Read more

Gabriele Trombini: How do you Fedora?

Filed under
Red Hat
Interviews

Gabriele is a Fedora Ambassador who works both locally and internationally. He is most impressed by the jovial and warm atmosphere within the project. Everyone can share suggestions, opinions and information in a friendly, collaborative environment. Trombini stresses that respect and the willingness to change are necessary to keep the Fedora Community strong. “Let’s try something, and if it doesn’t return the expected results, we should be ready to change our way,” says Trombini.

Read more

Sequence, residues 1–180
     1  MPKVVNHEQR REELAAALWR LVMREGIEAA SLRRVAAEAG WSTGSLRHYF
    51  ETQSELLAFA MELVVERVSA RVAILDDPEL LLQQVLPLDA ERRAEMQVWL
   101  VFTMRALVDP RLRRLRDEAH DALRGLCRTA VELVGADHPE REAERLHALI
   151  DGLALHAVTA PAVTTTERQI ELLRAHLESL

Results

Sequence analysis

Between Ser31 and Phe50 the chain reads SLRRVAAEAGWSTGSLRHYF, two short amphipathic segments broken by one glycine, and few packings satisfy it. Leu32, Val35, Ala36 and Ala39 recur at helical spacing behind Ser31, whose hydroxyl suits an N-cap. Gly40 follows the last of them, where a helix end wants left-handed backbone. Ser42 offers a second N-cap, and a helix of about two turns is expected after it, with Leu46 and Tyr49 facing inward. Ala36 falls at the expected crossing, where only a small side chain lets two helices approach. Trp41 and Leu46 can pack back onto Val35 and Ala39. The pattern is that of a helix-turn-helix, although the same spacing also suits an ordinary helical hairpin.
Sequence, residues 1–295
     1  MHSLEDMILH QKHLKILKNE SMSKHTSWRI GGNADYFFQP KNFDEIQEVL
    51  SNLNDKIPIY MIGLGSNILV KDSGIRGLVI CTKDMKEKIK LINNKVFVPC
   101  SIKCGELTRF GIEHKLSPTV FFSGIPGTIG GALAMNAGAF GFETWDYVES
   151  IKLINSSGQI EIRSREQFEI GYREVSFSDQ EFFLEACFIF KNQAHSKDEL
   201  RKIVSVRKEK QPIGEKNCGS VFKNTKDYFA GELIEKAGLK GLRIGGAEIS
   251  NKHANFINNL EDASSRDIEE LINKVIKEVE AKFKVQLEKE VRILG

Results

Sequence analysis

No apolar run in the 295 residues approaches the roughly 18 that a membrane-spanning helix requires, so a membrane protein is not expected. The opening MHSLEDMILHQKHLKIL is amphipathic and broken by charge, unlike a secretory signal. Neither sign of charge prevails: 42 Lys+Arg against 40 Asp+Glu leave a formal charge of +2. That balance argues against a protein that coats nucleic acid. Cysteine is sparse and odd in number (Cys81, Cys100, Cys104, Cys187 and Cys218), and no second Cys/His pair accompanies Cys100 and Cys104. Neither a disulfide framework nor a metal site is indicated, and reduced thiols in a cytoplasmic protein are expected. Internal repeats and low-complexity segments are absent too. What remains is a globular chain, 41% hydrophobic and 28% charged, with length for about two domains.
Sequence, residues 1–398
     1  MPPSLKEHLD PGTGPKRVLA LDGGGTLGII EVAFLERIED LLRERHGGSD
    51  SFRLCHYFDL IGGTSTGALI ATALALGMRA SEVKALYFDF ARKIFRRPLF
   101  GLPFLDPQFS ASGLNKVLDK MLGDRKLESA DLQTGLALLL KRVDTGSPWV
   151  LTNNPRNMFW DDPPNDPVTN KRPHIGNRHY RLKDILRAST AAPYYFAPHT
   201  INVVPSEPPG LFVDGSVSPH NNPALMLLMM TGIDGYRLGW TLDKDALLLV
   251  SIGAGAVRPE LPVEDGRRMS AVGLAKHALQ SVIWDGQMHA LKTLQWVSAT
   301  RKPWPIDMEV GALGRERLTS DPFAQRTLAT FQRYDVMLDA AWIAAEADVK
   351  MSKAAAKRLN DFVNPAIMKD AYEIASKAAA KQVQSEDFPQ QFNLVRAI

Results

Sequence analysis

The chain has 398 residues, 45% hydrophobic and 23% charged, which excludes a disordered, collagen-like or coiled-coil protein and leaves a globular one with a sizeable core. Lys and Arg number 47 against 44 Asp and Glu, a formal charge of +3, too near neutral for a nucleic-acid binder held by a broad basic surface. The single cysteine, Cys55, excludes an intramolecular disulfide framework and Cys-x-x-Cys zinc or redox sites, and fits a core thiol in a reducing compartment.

Development News

Filed under
Development
  • PHP version 5.5.35, 5.6.21 and 7.0.6
  • Learn Perl Online for Free
  • Top Ten Programmers of All Time

    3. Linus Torvalds

    The man who created Linux Kernel. Linux operating system is a clone to the Unix operating system, written originally by Linus Torvalds and a loosely knit team of programmers all around the world.

    [...]

    5. Richard Stallman

    He founded the Free Software Foundation, developed the GNU Compiler Collection(GCC). Richard Stallman is the prophet of the free software movement. He understood the dangers of software patents years ago. Now that this has become a crucial issue in the world. He has hugely successful efforts to establish the idea of “Free Software”.

RMS Receives Award (and more GNU news)

Filed under
GNU
  • ACM RECOGNIZES MAJOR TECHNICAL CONTRIBUTIONS THAT HAVE ADVANCED THE COMPUTING FIELD